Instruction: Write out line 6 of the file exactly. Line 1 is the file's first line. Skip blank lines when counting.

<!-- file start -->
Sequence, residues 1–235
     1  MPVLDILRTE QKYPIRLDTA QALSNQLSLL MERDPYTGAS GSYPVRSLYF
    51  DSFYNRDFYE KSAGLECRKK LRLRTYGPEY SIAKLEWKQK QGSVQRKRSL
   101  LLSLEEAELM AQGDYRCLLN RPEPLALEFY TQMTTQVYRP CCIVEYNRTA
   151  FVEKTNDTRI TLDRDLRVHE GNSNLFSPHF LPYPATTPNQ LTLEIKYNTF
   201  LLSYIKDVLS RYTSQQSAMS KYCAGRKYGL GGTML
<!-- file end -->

   201  LLSYIKDVLS RYTSQQSAMS KYCAGRKYGL GGTML